As the story progresses he, the writer, finds a much different writing path than he expected. The difference come about as he encounters the life of Fred Rogers in a real way. Many of these experiences depicted relate so much to our teachings on “Partnership”.

First, Mr Rogers was very warm and sincerely interested in meeting this “not so pleasant” writer. This was an unexpected surprise for the writer who was used to being shunned by his subjects. One of the things missionaries experience is this same negative response from Pastors. One Haiti missionary told us his greatest need was just to talk to someone, but he couldn’t get Pastors to take his calls.

Partnership starts with building a relationship that allows for communication between missionaries, pastors, members, and friends. Everyone needs to know that they can talk to someone at anytime about anything. H2T teaches churches how to establish MSTs(Missionary Support Teams) that are trained to address and meet a varied format of needs a missionary encounters as they serve.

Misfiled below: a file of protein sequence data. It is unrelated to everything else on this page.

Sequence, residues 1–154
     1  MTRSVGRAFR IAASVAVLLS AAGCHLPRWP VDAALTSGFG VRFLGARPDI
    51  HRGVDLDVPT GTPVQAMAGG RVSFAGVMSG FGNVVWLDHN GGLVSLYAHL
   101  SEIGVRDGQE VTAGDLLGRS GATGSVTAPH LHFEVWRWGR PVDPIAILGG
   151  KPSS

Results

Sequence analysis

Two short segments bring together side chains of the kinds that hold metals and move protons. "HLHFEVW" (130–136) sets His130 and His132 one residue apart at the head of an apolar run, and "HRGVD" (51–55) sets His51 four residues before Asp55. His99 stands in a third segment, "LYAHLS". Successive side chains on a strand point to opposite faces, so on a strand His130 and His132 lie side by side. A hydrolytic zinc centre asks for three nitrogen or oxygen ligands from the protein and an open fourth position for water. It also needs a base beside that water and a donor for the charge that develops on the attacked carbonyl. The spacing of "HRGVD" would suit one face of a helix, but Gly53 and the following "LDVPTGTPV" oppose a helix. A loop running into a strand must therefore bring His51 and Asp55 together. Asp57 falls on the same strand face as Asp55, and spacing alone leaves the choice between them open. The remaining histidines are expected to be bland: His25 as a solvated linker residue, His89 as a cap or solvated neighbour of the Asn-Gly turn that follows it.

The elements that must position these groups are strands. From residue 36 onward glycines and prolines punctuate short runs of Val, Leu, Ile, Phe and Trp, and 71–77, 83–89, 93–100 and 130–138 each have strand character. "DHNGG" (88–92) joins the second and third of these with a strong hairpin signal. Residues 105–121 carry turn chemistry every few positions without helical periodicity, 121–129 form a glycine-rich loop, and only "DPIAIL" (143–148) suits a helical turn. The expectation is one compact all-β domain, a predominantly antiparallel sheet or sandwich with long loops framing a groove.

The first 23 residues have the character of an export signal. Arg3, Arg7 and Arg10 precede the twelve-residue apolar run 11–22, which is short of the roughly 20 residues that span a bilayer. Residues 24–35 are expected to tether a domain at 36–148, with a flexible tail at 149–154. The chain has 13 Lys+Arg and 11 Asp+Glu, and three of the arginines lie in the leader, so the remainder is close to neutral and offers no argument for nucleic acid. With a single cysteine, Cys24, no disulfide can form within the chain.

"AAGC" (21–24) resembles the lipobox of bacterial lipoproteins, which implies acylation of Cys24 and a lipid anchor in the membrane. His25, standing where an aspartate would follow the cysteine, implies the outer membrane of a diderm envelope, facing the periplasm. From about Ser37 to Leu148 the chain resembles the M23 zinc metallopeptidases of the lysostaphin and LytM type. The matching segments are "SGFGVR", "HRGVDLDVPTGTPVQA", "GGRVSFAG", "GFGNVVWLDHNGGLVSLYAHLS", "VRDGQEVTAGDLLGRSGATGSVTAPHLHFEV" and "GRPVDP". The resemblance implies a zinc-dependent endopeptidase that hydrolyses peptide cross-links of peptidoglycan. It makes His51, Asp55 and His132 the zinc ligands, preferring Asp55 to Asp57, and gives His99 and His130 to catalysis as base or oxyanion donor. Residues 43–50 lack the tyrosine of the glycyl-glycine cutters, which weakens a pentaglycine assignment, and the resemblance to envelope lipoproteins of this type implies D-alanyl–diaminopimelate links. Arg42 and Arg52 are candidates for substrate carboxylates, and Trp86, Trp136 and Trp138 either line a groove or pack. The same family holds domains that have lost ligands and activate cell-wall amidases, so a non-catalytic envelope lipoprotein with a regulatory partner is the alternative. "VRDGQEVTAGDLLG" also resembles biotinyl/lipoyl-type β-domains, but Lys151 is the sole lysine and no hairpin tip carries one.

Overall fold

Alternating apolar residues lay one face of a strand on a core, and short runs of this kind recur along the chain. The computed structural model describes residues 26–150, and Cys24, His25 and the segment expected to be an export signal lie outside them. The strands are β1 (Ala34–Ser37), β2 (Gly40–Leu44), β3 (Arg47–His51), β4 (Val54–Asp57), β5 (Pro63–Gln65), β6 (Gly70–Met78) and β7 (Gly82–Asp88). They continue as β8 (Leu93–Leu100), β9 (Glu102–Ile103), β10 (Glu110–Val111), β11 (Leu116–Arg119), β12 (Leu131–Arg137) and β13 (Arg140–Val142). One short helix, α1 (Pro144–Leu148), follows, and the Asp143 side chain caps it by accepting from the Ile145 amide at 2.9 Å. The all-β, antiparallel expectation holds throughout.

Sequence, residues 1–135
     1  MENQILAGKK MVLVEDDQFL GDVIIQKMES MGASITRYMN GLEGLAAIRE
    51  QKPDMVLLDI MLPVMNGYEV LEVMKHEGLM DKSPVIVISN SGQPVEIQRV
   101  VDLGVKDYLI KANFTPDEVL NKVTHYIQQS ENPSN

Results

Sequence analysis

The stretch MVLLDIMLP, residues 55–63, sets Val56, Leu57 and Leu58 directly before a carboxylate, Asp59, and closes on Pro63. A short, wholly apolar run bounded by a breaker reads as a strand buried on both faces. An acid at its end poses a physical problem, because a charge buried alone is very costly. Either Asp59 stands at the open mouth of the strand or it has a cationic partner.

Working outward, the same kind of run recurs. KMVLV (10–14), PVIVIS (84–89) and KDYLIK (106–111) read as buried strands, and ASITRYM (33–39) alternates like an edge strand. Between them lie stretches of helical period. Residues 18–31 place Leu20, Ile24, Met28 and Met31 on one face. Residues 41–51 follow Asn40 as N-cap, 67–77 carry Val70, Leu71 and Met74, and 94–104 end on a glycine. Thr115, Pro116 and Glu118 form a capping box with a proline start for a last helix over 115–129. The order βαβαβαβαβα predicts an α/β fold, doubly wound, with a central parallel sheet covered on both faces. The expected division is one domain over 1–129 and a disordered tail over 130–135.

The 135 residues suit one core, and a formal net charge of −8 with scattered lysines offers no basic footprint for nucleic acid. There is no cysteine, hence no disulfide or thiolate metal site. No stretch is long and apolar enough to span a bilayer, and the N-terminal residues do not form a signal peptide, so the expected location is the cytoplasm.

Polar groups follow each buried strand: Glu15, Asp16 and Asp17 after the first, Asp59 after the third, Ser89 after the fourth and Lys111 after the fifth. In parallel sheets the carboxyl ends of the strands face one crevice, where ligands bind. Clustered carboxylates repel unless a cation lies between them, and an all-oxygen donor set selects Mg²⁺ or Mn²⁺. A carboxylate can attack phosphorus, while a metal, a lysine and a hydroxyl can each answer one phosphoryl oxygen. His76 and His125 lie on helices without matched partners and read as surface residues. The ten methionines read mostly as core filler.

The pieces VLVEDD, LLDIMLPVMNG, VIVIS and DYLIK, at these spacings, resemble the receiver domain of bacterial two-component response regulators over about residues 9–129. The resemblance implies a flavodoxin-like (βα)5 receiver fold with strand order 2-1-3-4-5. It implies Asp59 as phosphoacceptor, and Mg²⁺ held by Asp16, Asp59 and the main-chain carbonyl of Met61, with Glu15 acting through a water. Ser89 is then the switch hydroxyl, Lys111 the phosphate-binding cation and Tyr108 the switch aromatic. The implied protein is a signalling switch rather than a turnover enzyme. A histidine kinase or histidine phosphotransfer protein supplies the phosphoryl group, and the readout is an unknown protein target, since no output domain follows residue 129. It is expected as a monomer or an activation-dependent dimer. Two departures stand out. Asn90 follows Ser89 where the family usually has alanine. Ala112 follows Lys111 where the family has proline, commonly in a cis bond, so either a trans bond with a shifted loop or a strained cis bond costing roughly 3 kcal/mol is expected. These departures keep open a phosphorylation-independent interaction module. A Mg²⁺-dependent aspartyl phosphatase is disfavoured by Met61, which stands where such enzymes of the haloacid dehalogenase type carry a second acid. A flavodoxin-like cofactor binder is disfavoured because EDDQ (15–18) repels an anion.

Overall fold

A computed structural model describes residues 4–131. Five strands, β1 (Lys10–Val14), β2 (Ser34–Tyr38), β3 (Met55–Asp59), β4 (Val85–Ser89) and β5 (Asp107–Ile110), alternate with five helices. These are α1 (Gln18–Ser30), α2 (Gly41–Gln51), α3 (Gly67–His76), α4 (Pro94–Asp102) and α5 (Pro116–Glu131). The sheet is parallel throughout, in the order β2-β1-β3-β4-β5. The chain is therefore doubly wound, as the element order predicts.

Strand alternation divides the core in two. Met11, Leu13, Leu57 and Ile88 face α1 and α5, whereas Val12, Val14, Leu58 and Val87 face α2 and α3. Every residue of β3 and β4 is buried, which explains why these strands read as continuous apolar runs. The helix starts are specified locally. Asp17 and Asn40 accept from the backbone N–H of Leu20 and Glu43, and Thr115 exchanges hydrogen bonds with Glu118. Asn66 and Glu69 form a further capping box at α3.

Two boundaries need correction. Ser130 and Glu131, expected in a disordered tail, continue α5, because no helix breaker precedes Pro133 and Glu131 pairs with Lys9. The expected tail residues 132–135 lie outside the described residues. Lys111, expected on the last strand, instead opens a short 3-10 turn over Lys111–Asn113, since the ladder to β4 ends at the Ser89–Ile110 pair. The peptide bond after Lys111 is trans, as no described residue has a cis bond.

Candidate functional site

The open communication between Mr Rogers and the writer proves to be a “game changer” in the way the article is written. Open Communication between your Missionaries and Church Leadership will make all the difference in the world for the Missionary as well as those in your church in touch with that Missionary. This will also have a great impact on and in your church!

Another item in the movie that stood out was a scene where Mr Rogers was kneeling by his bedside and calling out names of people for whom he was praying. Mr Rogers had sensed a need in the writer’s life and had expressed to him his intention to pray for him.